Emotional intelligence in nursing article review examples

Emotional intelligence in Nursing

Emotional intelligence in nursing is the ability to process emotions, understanding and assimilations, and manage emotions. Extensive research outside the practice of nursing has exhibited correlations between significant workplace and measured emotional intelligence and the outcomes of workforce such as management of stress, effective leadership, and performance, retention of jobs, job satisfaction, positive conflict styles and burnout prevention . In a number of nursing research studies, pilot data have exhibited the same results that correlates measured emotional intelligence with nursing performance levels in the nursing leaders and clinical staff, stress adaptation, job satisfaction, professional achievement and some positive clinical outcomes in patients.
Emotional intelligence surfaced from years of intelligence research regarding the relationship between performance abilities, feeling and thinking which were not regarded to be related before 1990 . Three main models of emotional intelligence have been used in research. The models are different in three ways. These ways include the settings whereby the concept was developed, the instrumentation used in measurement and the definition of the utilized concept. Nursing research reveals the use of all the three models, but the one that has been used more frequently is the ability model . All the three models reflect attributes like social awareness, self-management, self-awareness and social/relationship management.
Nurses usually offer care for suffering families and patients whose emotions have been heightened. Compassion is a necessary element of the care that nurses provide. Emotions play a significant role in communication and relationships between families, patients and nurses. Self-compassion is the ability to be compassionate to one. If nurses lack this ability, they might not be ready to be compassionate to patients. People who are emotionally intelligent are known to be confident, understanding and can manages and control their emotions. The purpose of this co-relational and descriptive study was to inspect the relationship between emotional intelligence and self-compassion. Three questions were used to guide the selection of models. The questions that were asked during the model selection include the following: Which model is the easiest to use in the evaluation of stories? Is the model compatible with narrative data? Can the model confine elements of the emotional labor that are intrinsic in nursing? There is also a summary of the evaluation of the models as follows:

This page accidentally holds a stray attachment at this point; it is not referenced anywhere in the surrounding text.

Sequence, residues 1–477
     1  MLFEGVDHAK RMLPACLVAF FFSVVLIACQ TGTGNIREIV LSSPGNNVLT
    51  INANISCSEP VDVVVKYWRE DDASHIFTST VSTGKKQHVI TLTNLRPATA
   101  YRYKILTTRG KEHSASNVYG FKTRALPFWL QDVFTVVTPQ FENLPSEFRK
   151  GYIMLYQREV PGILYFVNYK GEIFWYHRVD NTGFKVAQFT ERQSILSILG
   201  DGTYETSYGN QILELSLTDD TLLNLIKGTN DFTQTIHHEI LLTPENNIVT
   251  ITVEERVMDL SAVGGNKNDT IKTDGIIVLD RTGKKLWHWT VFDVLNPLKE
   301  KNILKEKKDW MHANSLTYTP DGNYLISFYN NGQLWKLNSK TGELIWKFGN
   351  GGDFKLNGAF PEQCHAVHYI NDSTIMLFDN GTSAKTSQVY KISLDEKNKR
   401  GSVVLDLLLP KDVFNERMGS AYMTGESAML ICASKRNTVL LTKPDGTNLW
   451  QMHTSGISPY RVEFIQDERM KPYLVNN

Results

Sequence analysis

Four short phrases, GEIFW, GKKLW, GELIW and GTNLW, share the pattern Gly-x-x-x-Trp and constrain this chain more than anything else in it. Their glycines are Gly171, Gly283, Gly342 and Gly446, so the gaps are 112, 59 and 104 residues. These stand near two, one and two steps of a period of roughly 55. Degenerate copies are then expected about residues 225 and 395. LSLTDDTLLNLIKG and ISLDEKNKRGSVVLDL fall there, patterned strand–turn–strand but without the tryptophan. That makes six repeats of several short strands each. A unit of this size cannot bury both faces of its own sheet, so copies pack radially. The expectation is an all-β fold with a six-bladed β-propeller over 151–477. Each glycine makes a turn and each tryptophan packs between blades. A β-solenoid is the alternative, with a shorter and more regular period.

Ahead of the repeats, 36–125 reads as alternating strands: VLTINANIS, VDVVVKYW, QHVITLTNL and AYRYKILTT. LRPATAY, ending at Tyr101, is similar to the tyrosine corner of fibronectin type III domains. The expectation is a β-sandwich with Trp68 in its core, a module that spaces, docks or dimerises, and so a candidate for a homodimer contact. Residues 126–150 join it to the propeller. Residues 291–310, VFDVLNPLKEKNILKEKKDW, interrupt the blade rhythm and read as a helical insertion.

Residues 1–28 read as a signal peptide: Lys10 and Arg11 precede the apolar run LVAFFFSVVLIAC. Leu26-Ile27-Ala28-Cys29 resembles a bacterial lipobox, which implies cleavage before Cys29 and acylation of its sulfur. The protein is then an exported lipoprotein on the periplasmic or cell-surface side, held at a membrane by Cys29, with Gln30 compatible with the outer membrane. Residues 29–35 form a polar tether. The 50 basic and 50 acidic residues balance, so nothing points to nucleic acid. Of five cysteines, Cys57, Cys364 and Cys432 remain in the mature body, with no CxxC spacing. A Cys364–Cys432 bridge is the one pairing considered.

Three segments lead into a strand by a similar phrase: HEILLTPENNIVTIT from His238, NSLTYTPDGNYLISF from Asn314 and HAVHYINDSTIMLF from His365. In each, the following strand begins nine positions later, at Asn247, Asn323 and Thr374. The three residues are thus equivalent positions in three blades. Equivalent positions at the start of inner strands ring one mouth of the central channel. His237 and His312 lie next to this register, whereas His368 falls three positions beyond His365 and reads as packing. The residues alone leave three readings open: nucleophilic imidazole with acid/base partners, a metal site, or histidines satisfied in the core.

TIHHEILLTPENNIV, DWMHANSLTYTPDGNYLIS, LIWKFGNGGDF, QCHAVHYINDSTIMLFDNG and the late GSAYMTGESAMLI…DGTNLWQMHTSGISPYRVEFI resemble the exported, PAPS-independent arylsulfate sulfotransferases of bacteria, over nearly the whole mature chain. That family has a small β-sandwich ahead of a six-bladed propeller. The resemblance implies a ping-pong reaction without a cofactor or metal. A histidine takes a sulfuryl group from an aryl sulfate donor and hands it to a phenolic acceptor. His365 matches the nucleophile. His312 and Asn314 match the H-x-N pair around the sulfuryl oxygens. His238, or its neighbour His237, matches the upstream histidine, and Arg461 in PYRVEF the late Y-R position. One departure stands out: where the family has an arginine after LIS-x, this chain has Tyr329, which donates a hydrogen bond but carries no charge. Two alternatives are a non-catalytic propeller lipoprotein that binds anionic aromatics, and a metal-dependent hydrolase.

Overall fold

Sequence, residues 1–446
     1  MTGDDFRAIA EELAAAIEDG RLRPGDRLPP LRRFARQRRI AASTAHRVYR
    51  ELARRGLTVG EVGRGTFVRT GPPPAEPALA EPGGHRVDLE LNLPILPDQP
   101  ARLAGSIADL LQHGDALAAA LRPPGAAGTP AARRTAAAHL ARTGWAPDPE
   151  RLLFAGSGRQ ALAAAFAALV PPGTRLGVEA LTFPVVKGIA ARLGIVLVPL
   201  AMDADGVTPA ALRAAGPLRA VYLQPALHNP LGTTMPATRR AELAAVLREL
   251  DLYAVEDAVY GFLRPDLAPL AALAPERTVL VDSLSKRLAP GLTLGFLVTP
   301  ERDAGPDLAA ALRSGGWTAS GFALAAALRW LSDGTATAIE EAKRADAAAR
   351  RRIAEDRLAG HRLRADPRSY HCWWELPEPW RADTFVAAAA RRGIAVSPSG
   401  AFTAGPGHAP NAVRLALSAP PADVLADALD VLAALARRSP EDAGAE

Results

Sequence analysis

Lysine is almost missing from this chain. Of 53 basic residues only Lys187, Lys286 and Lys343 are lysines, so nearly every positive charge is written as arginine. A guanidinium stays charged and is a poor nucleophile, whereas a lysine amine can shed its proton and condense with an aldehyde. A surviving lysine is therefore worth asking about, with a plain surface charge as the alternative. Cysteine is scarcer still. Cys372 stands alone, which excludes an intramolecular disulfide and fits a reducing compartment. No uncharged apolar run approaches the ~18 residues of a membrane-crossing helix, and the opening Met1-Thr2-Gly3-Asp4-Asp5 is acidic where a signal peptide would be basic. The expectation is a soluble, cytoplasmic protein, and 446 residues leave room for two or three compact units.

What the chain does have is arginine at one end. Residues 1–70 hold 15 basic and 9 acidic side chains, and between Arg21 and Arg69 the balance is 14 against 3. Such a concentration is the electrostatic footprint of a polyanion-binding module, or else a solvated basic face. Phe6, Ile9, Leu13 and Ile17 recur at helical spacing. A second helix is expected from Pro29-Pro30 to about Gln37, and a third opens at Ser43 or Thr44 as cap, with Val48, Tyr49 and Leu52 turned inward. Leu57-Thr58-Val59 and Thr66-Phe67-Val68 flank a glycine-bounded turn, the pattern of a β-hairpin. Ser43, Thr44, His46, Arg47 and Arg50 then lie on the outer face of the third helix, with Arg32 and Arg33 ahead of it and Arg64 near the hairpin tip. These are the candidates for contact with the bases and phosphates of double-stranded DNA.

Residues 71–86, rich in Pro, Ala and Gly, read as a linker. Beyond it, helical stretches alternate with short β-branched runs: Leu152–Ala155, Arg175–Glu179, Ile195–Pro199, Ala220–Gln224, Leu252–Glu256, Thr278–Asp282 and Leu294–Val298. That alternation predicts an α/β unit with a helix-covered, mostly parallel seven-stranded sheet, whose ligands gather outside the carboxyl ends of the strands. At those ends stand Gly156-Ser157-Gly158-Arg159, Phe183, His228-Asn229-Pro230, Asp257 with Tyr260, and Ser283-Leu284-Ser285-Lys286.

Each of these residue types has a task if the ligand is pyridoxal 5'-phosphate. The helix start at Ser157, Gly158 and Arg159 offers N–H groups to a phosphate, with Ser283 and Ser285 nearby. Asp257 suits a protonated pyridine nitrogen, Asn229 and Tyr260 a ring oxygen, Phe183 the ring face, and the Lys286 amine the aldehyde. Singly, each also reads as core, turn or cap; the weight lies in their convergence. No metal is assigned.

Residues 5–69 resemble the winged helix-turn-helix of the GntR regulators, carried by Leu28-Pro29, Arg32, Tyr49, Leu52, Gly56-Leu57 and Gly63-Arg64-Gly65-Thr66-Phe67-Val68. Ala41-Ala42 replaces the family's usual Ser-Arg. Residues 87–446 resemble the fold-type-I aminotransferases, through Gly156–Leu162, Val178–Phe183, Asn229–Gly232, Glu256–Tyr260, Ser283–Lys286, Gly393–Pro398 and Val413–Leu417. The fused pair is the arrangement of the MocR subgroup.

The ease of use was one of the most significant factors for the selection of the model. During the trial story scoring, identification of the attributes of emotional attributes proved easiest by use of the definitions of personality model. It was quite challenging to identify attributes using the definitions of the operational mixed models. During story evaluation, nursing traits were easily identifiable than nursing skills. More compatibility with narrative data was also critical. The self-reporting nature of autobiography was attuned to the stories dataset.